This recording, from 1963, captures her at the relatively youthful age of 40. An effortlessly beautiful synthesis of classical western and Ethiopian tonalities, Guèbrou’s melodies and rhythms dance gracefully up and down the keyboard, evoking both the profound, sacred and enigmatic, and something very intimate and personal, like the diffused memory of a peaceful summer day from one’s childhood. Such qualities make this music, for me, the perfect accompaniment to these weeks (and possibly months) of stillness, reflection and solitude. 


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Selected by Hysteria




Whenever I need an escape from electronic music, my favourite space to jump into is world music, genres from across the sphere ranging from J-pop to Anatolian rock. Recently however, I’ve been slowly crawling my way through Molam, traditional folk music from Thailand (mostly from the 70s) with a very psychedelic rock flavour. Also known as ‘taxi driver music’, I first discovered it during a trip to Bangkok last year during a visit to ZudRangMa Records, a store which specialises in vintage vinyls from this genre. Originally folk ‘villager’ music from the countryside, it was mostly locals who enjoyed it until a recent surge in popularity (due to interest from the west) has seen it spread to a much wider audience. This compilation was released by the owner of ZudRangMa and a great way to jump into Molam and traditional Thai music for those who fancy something a bit different. I’m still discovering the genre, but whenever I need a reason to smile, I search for one of the artists on Spotify, start a radio and off I go.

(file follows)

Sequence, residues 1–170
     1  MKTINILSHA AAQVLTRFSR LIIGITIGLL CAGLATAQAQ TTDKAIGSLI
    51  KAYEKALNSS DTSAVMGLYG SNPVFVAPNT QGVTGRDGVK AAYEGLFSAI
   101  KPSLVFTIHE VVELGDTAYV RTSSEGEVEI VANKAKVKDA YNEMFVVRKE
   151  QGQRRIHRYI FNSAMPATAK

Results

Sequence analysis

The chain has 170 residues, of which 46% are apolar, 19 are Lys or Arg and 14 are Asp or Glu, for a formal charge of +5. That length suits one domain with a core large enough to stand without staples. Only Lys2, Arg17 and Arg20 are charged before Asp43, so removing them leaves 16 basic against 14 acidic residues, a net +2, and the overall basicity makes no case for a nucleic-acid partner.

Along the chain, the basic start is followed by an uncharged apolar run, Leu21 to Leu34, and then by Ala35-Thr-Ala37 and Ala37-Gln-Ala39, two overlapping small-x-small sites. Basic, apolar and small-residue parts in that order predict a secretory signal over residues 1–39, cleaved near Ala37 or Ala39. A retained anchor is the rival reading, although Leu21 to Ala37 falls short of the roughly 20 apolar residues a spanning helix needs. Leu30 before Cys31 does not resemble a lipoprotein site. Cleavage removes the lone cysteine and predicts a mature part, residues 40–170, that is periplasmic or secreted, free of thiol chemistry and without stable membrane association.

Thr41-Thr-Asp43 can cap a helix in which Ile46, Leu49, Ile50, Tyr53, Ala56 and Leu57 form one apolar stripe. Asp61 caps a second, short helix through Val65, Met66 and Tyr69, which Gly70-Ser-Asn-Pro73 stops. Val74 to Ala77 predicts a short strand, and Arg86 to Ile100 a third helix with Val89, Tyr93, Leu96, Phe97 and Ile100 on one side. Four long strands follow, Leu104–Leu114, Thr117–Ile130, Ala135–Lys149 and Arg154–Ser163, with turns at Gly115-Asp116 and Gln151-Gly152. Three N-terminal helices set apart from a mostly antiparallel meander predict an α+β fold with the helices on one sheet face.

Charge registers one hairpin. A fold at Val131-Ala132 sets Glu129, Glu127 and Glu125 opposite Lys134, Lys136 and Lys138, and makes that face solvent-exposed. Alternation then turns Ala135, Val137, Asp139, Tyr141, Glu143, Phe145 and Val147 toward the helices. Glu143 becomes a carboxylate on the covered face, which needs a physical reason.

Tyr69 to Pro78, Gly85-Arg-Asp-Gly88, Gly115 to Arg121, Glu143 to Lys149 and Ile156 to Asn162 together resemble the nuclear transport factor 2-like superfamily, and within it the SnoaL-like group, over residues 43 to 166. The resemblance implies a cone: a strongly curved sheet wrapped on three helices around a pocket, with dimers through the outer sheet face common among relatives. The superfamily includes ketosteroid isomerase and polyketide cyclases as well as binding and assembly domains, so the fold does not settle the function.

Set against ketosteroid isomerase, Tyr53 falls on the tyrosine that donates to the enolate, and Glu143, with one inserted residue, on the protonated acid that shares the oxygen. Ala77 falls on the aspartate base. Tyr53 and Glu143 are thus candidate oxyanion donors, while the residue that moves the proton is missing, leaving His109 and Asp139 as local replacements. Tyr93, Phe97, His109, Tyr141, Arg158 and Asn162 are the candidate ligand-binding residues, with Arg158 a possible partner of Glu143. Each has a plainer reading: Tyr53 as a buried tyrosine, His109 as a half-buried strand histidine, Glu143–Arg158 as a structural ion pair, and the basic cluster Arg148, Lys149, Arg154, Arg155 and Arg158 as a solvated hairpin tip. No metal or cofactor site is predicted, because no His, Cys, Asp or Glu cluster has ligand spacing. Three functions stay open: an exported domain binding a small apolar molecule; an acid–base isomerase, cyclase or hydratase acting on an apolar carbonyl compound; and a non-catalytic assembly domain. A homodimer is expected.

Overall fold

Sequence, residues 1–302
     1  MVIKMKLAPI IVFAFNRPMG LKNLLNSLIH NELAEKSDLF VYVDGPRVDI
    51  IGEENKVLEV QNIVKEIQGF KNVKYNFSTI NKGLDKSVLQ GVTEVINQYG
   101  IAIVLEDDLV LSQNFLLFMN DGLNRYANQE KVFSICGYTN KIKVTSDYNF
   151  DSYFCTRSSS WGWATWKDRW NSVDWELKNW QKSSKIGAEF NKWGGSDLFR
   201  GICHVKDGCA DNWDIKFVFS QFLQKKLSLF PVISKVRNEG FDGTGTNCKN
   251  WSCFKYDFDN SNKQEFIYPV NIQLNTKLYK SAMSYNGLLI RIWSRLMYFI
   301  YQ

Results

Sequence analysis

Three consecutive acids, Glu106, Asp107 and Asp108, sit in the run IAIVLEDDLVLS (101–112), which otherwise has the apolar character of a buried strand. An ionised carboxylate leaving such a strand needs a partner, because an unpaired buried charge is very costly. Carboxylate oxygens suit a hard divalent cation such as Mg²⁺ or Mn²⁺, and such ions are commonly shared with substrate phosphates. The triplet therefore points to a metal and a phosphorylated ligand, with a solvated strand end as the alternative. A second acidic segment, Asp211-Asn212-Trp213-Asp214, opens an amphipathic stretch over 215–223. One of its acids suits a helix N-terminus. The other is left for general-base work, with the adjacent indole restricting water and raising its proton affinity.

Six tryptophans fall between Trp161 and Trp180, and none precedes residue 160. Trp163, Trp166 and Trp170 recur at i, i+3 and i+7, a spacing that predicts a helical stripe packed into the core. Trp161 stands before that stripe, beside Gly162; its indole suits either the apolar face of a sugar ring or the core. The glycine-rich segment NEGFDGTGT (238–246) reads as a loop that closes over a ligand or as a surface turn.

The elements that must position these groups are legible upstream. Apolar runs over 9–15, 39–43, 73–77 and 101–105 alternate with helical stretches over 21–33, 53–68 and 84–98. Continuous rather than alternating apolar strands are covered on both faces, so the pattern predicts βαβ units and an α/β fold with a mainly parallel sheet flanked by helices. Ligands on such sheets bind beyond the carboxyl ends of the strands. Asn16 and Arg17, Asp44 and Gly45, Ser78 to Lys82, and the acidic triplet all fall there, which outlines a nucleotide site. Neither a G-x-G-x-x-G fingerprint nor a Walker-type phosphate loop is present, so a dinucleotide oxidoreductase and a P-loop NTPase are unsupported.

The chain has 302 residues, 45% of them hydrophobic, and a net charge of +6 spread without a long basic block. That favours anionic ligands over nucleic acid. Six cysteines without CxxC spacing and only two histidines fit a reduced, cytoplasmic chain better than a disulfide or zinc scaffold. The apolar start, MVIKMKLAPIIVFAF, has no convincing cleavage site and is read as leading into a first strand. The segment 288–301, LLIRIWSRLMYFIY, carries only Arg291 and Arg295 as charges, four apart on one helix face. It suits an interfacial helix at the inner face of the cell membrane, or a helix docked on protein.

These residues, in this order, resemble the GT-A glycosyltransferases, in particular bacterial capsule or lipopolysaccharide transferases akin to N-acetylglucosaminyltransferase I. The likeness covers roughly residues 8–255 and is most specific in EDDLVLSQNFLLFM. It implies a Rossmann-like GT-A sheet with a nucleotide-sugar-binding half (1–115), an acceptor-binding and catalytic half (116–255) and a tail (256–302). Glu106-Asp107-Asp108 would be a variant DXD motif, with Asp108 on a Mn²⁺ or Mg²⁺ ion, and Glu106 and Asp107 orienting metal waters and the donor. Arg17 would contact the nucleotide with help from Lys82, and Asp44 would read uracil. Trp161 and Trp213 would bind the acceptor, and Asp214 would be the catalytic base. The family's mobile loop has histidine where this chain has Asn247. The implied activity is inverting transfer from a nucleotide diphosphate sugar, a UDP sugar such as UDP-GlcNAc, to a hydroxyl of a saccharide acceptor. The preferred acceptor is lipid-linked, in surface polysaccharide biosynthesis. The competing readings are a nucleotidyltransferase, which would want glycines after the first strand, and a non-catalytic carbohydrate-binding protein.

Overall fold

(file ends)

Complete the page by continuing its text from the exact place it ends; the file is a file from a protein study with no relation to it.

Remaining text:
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Selected by Steve


I first came across the works of Pauline Oliveros after reading about and listening to her pioneering experimental electronic material from the mid-late 60’s. Tracing her work along, I was struck by the themes of resonance and vitality that flowed through her music, and although her body of work is impressive, her releases alongside Stuart Dempster and Panaiotis (and others) as the Deep Listening Band have stuck with me the most over time. Their album “Deep Listening” is a seminal example, and also one of my personal favourites in this space. Recorded in 1989, deep under Washington State in a massive, disused and uniquely reverberant water cistern, the various ambient, drone, experimental and regal melodic qualities of this album still sound radical and cutting-edge today. Alongside her musical output, Oliveros’ writings and teachings regarding Sonic Meditation and Deep Listening practices are also highly regarded within the music community and beyond, and can help to soothe stressed minds during these times.